An eye for the tigers
Exclusive rugs designed by contemporary artists take the tiger as inspiration–and, as Stephanie Douglas explains, aim to support the conservation of these awe-inspiring creatures. Read the full article as follows, of which an extract will be coming soon in HALI 199.
The natural world has been a constant source of inspiration to artists across the world and through the centuries. A recent exhibition was a perfect example of this, in using one of our most majestic wild animals: the tiger. This magnificent and instantly recognisable beast is evocative to different people for different reasons. For many of us, the fascination is initiated in childhood, through fables and other fabulous stories. For those living the remote forest areas of the east, the creature is traditionally attributed with mystical and sacred powers. But very few of us have had the privilege of actually seeing a tiger in its natural habitat.
It is estimated that at the beginning of the 20th century around 100,000 wild tigers roamed in a territory that extended from Turkey in the west to Korea in the east. However, despite their revered reputation, in little more than a century the world has lost more than 95 per cent of the wild tiger population, and the animal has become an endangered species on the brink of extinction. The World Wide Fund for Nature (WWF) is at the forefront of a global commitment to double tiger numbers in the wild by 2022, which is the next Chinese year of the tiger. Referred to as ‘TX2’, it is one of the most ambitious and innovative conservation plans set for a single species.
There are positive initiatives and, for the first time in a century, the global number of tigers in the wild has stopped declining, and may even be on the rise. Successes in South Asia and Far East Russia show what can be achieved with a combination of sustained funding and political commitment. In Nepal wild tiger numbers have almost doubled in less than a decade, with the aid of innovative approaches to conservation. However, the long-term survival of tigers ultimately relies on safeguarding their environment, which depends on commitment from all thirteen tiger-range countries: Bangladesh, Bhutan, Cambodia, China, India, Indonesia, Laos, Malaysia, Myanmar, Nepal, Russia, Thailand and Vietnam.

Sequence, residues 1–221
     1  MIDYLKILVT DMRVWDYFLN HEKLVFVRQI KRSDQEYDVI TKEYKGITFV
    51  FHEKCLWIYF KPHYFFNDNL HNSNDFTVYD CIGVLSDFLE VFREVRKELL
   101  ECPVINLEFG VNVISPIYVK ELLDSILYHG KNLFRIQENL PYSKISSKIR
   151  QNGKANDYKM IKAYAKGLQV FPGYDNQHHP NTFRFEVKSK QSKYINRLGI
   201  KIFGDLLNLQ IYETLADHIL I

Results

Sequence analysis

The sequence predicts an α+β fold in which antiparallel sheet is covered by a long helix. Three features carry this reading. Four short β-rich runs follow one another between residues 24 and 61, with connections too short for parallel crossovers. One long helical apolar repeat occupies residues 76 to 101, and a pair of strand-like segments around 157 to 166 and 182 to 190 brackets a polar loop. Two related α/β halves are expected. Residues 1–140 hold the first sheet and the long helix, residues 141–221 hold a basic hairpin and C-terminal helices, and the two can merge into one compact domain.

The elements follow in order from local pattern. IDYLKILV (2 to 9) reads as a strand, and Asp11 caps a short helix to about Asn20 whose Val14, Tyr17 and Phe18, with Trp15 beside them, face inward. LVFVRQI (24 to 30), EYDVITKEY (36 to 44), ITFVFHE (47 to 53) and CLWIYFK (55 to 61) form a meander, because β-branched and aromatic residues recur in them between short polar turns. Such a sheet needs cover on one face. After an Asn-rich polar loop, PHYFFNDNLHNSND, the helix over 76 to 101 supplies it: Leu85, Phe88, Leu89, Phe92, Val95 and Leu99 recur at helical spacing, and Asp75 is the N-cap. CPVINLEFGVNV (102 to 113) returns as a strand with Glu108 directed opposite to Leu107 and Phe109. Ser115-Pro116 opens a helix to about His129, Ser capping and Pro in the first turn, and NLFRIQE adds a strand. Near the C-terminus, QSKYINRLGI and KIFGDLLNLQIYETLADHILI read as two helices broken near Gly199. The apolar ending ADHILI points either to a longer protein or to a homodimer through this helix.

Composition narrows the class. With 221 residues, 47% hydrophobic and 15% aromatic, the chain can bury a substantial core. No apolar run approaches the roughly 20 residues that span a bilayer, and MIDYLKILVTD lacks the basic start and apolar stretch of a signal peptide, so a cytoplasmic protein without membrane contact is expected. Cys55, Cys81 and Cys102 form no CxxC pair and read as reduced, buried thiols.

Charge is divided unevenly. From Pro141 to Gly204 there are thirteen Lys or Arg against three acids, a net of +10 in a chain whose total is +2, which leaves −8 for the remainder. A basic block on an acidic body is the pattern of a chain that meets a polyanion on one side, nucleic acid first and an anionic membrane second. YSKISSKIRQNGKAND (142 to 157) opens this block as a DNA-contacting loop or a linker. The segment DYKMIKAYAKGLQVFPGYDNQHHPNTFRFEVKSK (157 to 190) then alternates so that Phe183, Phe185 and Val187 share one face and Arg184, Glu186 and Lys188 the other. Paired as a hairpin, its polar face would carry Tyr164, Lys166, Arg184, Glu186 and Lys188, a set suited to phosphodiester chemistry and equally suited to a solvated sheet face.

Raising awareness of the issues at stake and acquiring funding for the conservation projects is paramount. By protecting tigers, an ‘umbrella species’, through robust enforcement against poaching and habitat encroachment, we are also protecting vast areas of forest, which benefits many species, including humans. Natural forests are increasingly important to us all, in providing fresh water, clean air and helping to regulate our climate. All these factors emphasise the importance of this global conservation project, and have influenced the designs that we see in the contemporary rugs produced.
To this end, ‘Tomorrow’s Tigers’ is a major new fundraising project that sees the WWF collaborating with Artwise (concept, curation and project management), and Christopher Farr (rug fabrication). The project was devised and curated by Susie Allen and Laura Culpan at Artwise, and features specially commissioned, limited-edition art rugs, designed by ten internationally-renowned artists. The theme was inspired by the small group of evocative tiger rugs coming out of Tibet, and the seminal book and exhibition The Tiger Rugs of Tibet by Mimi Lipton. First seen at the Hayward Gallery, London, in 1988, this show was followed by four years of exhibitions through major European museums. Its success resulted in Mimi Lipton setting up The Tibet Charitable Trust, which contributes to a variety of activities for Tibetan refugees, including working in new and old carpet factories weaving new rugs and copying tiger rug designs.
The contemporary rugs produced for TX2 have been inspired by traditional tiger rug designs: the flayed pelt design, with Buddhist and Hindu iconography from Nepal and India; the representational ‘happy tigers’, depicted in pairs and representative of the male and female (Yin and Yang), with Chinese influence; and (the most prevalent design) the abstract tiger. The artists include Francesco Clemente, Bernard Frize, Gary Hume RA, Reena Saini Kallat, Anish Kapoor RA, Maya Lin, Harland Miller, Raqib Shaw, Kiki Smith HON RA and Rose Wylie RA.
Ten rug designs ranging from representative to abstract, each in an edition of ten (plus one artist’s proof), are made to order, which takes three to six months. All are hand knotted and hand spun, with prices ranging from £10,000 to £25,000. Each has a label on the reverse indicating the edition number, signed and dated by the artist.